Iowa Legislators Plan To Draft Bill To Pay College Athletes

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DES MOINES, Iowa -- Should college athletes be paid? That’s a question many sport fans, athletes, coaches, and institutions have battled with for years. Currently, the NCAA rules and regulations state athletes can not profit in any way related to their sport, but that might change in Iowa.

The passing of the California Fair Pay to Play act in September ignited a trend across the country with multiple states following suit. Now two Iowa state legislators have jumped in on the action. 

Representatives Joe Mitchell (R) and Ras Smith (D) are working together to draft a similar bill. They are also planning on reaching out to local universities for input on its content.

“Right now currently college athletes, can't use their brand, their image, or their name to contract with a private business to make money like me or you could, because they signed a contract with the university and NCAA that says they can't do that,” said Mitchell.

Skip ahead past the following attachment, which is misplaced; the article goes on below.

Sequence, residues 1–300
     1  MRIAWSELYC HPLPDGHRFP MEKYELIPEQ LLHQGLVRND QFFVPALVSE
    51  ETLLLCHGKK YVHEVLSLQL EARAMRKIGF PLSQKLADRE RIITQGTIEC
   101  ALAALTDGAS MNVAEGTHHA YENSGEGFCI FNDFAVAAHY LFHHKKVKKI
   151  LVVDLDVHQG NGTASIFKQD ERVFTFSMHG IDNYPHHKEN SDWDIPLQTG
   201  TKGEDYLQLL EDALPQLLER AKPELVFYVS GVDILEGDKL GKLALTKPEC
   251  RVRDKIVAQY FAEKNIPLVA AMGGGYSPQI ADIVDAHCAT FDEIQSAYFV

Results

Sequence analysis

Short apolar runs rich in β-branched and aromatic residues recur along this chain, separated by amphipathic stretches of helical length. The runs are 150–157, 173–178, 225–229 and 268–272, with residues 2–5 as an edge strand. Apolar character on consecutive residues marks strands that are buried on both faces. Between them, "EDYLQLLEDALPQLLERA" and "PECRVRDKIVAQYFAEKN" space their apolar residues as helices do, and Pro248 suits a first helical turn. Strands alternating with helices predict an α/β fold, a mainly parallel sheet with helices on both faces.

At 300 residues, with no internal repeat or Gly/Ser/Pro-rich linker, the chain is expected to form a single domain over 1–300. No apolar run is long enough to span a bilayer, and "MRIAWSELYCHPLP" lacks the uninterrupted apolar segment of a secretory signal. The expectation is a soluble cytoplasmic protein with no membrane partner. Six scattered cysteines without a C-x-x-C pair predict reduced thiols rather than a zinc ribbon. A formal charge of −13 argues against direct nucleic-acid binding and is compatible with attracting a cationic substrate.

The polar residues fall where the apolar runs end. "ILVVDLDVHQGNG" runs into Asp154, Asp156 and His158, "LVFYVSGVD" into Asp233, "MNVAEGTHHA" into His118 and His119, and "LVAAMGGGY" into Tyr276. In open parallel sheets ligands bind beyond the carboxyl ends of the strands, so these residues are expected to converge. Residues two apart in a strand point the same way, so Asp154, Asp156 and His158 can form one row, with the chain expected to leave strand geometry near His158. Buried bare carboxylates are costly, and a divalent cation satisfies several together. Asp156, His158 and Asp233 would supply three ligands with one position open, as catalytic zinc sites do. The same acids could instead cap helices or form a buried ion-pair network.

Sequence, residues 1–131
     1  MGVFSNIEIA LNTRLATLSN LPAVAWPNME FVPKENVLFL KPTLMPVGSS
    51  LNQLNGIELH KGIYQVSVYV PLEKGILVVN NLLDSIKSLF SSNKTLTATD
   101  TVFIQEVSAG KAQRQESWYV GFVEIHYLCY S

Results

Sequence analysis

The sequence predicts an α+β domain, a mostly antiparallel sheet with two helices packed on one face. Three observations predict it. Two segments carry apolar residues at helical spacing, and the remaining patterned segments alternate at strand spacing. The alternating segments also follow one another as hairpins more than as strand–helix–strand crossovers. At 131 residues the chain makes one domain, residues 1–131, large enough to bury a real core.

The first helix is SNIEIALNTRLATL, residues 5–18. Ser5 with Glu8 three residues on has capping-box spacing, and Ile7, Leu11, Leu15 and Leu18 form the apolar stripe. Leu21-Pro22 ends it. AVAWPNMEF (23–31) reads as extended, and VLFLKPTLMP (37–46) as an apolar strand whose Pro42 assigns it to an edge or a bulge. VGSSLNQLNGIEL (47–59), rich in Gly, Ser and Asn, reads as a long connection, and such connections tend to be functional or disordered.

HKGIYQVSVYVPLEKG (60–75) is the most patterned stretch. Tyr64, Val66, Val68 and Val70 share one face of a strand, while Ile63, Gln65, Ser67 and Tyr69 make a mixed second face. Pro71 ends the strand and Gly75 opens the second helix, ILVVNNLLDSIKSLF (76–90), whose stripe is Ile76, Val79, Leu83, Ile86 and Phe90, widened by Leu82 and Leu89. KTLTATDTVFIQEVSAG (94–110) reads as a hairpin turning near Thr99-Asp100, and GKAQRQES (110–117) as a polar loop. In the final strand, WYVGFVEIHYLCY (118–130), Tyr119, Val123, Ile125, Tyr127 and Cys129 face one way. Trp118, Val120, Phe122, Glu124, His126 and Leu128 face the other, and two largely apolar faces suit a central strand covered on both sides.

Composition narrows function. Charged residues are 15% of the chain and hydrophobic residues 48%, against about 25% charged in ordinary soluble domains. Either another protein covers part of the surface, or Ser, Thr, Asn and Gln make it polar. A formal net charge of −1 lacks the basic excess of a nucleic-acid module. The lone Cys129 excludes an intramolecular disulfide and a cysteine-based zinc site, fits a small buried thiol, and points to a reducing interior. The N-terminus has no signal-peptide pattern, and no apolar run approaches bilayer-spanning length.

The argument is that universities make millions of dollars, profiting on prominent student athletes that drive ticket sales and media contracts for schools to appear on sports broadcasting networks like ESPN. 

“Nate Stanley who's the quarterback of University of Iowa’s football team, you know single handedly is bringing in hundreds of thousands if not millions of dollars for the school himself,” said Mitchell. 

We reached out to multiple universities for comment including: Iowa State University, University of Iowa, and University of Northern Iowa and they each declined to comment.

Brian Hardin, director of athletics at Drake University said he wasn’t too worried during an interview on the “Murph and Andy Show”. Mostly because he feels that those types of student athletes tend to choose athletic programs at universities like Iowa State and University of Iowa.

“There’s a certain student athlete that’s always going to want to go to a school like Drake. Those that understand there’s a 40 year decision not a four year decision of where you go to college, the name and image likeness piece could have an impact, but I don’t see it impacting those too much,” said Hardin.

Representatives Mitchell and Smith are planning on introducing the bill when the general assembly reconvenes in January.

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